On November 18, 1978, 909 people died after drinking cyanide-laced Kool-Aid at the behest of Jim Jones, the head of the People’s Temple Agricultural Project. The dead included men, women and children (see the photograph above), as well as Congressman Leo Ryan who was gunned down by Jones followers at a local air strip. Jonestown, the name of the intentional community, was located in Guyana, South America.

In 2011, La Señorita Mexican Restaurants ran the billboard below. The restaurant chain’s vice president of marketing told the advertising blog Adrants, “while we know that not everyone will get the humor of our ads and we accept that, we do not expect that our ads will offend people.” Do you agree? Given that the billboard appeared more than 30 years after “the massacre,” is that enough distance to make light of it in an ad?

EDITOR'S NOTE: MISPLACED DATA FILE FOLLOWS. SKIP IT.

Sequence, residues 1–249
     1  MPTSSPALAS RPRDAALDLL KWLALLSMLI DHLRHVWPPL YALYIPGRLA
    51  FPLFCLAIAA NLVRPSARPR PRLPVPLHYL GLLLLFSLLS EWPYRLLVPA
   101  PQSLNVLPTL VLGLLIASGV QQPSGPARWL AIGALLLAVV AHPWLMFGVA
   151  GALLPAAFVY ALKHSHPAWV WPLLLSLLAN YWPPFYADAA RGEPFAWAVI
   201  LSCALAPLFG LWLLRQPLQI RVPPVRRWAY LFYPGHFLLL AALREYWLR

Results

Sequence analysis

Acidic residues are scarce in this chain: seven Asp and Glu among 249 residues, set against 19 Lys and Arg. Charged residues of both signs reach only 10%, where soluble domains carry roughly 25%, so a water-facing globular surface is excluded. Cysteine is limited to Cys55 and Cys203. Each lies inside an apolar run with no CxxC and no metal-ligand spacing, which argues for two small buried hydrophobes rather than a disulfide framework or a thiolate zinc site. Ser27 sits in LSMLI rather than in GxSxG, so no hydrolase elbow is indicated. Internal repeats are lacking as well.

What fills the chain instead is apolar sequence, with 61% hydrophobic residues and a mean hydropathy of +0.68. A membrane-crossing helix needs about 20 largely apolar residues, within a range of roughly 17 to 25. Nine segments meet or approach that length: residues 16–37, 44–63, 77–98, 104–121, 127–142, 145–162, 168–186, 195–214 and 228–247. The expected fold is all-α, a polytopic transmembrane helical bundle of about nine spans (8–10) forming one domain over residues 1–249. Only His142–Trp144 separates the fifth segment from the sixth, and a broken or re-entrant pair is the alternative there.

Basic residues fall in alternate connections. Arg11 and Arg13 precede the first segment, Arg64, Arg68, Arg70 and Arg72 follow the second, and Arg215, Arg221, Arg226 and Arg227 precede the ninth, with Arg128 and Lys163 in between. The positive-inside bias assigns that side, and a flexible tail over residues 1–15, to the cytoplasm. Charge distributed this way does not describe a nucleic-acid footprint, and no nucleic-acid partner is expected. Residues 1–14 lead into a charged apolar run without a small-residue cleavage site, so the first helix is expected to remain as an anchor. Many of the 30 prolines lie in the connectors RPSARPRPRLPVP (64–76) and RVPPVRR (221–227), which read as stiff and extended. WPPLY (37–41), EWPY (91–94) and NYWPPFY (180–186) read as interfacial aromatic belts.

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  1. […] According to NBC News, this was the company’s response: “It was never our intention to allude to the tragic events that took place at Kent State in 1970 and we are extremely saddened that this item was perceived as such. The one-of-a-kind item was purchased as part of our sun-faded vintage collection. There is no blood on this shirt nor has this item been altered in any way. The red stains are discoloration from the original shade of the shirt and the holes are from natural wear and fray. Again, we deeply regret that this item was perceived negatively and we have removed it immediately from our website to avoid further upset.” The shirt had been selling online for $129. Perhaps one Twitter user said it best: “Nothing says young and hip like a 43 year old massacre.” This reminds me of another case involving a massacre, La Señorita Mexican Restaurants. […]

  2. Hi there all, here every one is sharing these know-how, so it’s pleasant to read this website, and I used to pay a quick visit
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  3. Why people still use to read news papers when in this technological globe everything is available
    on net?

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